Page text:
The atheist label

Ever notice how participants in a debate will often attempt to direct the discussion by labeling the participants? Sometimes this is helpful and relevant – as when a person’s background or position can give an indication of their knowledge and authority of their comments. On the other hand it is sometime an obvious pandering to the “them vs us” mentality – a guide to how “we” should reject the arguments of a participant because she is one of “them.” The old red smear ploy. (I wonder if this was the motive for the label kiwi atheist” applied to me in a recent discussion).

I think this smearing is commonly used by religious fundamentalists. Just check how often scientists are discredited by labelling them “atheists” in the intelligent design/creationism vs evolutionary science debate. Very often the issue of atheism is exposed as the main concern. And it seems that this label is the most effective way of discrediting any opponent amongst this conservative Christian constituency. And yet, the ‘atheist’ label says hardly anything about a person or the reliability of their knowledge – and, of course, may be completely wrong.

For example, one contributer to recent discussions on this site referred to his role in “debating some atheists in New Zealand.” That got me thinking. The only participant in these discussion I know to be an atheist is me and that is a “very limited … description” of me. Several of the other participants have identified themselves as Christians, none as atheists. It’s clear that most of the participants are scientists, professionally, or strong defenders of science. Yet we all get labelled atheist! This contributor appears to think that science and atheism is synonymous!

Only one science

It’s surely salient that within the scientific community such ideological labelling is very uncommon (although it certainly went on in Russia during Stalin’s reign and in China under Mao Tse Tung). We can have quite fierce debates but evidence and interpretation are the usual weapons, rather than ideological labels.

The fact is that science is done by people who may have quite diverse ideological beliefs. And there is only one science. There is no atheistic science, Christian science, Islamic science or spaghetti monster science. As Richard Dawkins points out we can colour different countries on a world map differently according to predominant religion – but we can’t do that with science.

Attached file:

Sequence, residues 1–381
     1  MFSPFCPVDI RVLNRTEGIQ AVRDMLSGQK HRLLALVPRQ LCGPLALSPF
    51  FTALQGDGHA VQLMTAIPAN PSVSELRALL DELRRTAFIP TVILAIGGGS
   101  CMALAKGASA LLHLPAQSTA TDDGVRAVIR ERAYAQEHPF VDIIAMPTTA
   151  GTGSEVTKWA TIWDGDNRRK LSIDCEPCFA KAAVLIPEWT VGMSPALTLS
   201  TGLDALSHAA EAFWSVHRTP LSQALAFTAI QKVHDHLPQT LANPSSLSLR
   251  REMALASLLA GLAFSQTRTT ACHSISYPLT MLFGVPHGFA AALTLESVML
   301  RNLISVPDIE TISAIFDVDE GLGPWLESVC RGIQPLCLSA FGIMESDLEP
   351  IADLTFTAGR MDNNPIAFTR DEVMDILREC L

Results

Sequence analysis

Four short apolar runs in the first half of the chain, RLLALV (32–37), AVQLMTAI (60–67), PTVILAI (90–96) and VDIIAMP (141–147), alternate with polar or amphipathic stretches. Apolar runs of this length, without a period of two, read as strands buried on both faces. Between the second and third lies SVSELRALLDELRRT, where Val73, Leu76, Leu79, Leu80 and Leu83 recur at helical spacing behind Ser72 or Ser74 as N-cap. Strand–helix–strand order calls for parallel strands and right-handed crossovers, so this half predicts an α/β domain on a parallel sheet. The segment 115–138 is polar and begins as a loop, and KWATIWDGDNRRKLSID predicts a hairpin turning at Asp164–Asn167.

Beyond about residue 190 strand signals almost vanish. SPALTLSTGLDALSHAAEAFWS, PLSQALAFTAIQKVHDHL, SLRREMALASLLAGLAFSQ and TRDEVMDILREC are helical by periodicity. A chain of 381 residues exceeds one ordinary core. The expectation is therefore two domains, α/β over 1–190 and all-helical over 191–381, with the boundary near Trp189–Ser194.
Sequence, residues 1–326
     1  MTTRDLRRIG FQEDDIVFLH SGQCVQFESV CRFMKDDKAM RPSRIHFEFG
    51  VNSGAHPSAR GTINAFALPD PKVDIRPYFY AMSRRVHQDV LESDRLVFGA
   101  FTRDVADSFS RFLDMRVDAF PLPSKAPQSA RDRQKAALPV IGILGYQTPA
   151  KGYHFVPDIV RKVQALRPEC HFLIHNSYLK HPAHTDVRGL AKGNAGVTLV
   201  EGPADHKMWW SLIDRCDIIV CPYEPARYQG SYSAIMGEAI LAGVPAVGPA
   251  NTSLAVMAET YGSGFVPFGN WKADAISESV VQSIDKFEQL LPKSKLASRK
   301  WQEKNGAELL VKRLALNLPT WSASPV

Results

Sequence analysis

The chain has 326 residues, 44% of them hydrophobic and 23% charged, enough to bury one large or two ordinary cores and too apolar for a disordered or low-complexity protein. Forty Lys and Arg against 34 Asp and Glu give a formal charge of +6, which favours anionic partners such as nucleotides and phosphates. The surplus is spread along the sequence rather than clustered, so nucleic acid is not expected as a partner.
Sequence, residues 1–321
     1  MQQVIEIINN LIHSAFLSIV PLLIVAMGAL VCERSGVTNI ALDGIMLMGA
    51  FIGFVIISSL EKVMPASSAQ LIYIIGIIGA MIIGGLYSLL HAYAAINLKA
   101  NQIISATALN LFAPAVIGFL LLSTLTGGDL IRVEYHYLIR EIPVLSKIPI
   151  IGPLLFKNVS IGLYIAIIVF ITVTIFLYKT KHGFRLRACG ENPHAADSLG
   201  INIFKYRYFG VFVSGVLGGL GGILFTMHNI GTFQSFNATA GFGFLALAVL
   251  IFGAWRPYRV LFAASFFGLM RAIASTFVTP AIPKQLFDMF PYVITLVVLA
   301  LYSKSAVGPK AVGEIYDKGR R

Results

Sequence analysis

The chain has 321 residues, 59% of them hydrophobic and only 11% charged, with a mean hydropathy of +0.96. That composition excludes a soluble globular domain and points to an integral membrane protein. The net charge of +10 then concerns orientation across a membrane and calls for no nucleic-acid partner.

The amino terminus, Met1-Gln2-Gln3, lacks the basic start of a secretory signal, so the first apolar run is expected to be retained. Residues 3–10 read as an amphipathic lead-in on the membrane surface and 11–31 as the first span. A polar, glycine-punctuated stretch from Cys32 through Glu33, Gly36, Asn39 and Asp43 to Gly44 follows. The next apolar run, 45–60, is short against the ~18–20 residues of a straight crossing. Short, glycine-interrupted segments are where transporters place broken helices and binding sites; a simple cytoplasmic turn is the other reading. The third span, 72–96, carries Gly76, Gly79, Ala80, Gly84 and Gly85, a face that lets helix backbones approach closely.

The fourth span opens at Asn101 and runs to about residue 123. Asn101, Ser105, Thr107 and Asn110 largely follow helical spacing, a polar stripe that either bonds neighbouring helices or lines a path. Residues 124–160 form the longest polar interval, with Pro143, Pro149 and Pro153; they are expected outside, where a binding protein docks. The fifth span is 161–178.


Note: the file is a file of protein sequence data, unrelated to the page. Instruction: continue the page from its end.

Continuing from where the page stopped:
Anyway I like this cartoon (from Atheist Cartoons – check them out). It shows that preoccupation with an ideological label can mean that really important information is ignored.

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31 responses to “The atheist label

  1. Richard Dawkins, who believes in intelligent design by aliens.

    Respectfully, can you give me one scientific proof for atheism? There are several for intelligent design.

    We are not so smart as God is dumb.



  2. I like the cartoon! What a concept: use a person’s name rather than all those labels…


  3. It’s interesting how most people who are eager to point biases, in fact come with biases of their own. I’d really wish people would stop labeling sciences as if empirical data was just a social construct, what good does it do to invest millions of dollars on research if the public is eager to deny any conclusions that doesn’t pay lip-service to their beliefs?


  4. I think that part of the problem is that the phrase, “there is only one science” is only partly true. When it comes to the science of origins, the inclusion of the term “atheist” is entirely relevant because atheists scientists simply ignore current “scientific” evidence. This is true as to the oringins of the universe as well as to the origins of the first DNA / RNA pre-loaded cell.


  5. Oh boy.

    @ #1: There are no ‘scientific proofs’ for intelligent design that have stood up to serious scrutiny by the scientific community.

    And since atheism is a matter of reasoned personal decision, why on earth would you expect a scientific ‘proof’ for it?

    BTW Dawkins does not believe in intelligent design by aliens. He said that he could not 100% rule out the option of alien intervention in life’s development – but he also rated it very very low indeed on the list of possibilities. (No scientist will ever give you a statement that something is 100% probable, because science – unlike some other ways of looking at the world – doesn’t deal with absolute certainties.